In my experience, I have found the Holy Spirit to be real.  But you're right in this respect, those who are not Christian or who have never heard of Jesus can be influenced by the work of the Holy Spirit testifying to Jesus Christ.

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but Paul also tells us to "test" all things that we would not be deceived by a wicked heart and our own evil.

And just how would anyone do that? 

Through the Bible, through the council of others, through prayer, and through the Holy Spirit.

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Everything I *think* I hear from God must pass through the person of Jesus Christ and his testimony and instructions.

And then you *think* what Jesus answers? All you are doing is asking yourself a question – everyone does that.

If I believe the Holy Spirit has spoken something directly to me (through thought, prayer, etc.), it must line up with scripture, or it must be rejected.

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If it conflicts with His teaching, I must reject it,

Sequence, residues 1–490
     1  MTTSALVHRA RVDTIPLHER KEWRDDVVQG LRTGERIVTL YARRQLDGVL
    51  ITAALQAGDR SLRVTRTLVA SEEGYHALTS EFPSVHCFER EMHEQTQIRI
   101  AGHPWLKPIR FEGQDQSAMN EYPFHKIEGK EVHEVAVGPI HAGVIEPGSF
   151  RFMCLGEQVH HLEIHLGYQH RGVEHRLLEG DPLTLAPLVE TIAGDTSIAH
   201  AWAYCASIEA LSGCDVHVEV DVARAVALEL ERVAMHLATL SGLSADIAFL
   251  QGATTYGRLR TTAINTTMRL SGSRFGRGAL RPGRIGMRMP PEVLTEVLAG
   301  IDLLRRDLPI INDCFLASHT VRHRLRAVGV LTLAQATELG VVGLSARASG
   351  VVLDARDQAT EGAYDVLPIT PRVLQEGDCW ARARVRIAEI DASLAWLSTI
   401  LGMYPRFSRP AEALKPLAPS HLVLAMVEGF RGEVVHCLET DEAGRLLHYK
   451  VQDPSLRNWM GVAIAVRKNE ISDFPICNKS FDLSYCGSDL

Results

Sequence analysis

But his teaching often contradicts. “Love your enemies, kill mine.”
Actually, we love his enemies, until the day of judgment upon his return.  There is no contradiction, the instruction remains the same.

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even if I'm convinced by my own heart that I am right.

A survey was done in Canada by the Canadian institute of psychiatry. They asked believers what they believed about various social issues,  and then asked them what they thought God believed about the same issues – strangely all believers thought that God agreed with them, although there were many different answers.
This isn't strange at all, I would expect this, wouldn't you?  In our desire to be like God, we often get confused and make Him out to be like us.

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You and I both know people use religion for all kinds of abuses.  I believe Kony desires power above all else, and would use religion as the means by which to justify his own evil.